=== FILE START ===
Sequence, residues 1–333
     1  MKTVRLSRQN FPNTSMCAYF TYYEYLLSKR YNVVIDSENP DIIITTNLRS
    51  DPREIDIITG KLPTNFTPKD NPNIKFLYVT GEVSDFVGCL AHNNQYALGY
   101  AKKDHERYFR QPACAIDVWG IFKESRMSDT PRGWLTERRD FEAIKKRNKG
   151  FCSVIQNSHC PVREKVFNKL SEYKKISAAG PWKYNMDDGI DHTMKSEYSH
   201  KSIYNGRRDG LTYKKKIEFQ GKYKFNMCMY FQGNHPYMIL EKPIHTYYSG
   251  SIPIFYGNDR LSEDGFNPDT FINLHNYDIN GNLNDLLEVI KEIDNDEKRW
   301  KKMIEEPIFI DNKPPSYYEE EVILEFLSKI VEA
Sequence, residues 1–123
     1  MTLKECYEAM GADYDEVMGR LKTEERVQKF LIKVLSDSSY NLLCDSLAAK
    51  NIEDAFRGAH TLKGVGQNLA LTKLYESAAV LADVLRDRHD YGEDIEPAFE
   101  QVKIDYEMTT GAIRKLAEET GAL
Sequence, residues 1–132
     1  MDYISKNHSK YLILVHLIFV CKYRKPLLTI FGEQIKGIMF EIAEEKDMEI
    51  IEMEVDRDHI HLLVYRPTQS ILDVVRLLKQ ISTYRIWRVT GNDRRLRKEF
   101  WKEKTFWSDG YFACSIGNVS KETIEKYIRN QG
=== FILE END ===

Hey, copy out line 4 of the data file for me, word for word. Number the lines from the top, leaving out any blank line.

   101  AKKDHERYFR QPACAIDVWG IFKESRMSDT PRGWLTERRD FEAIKKRNKG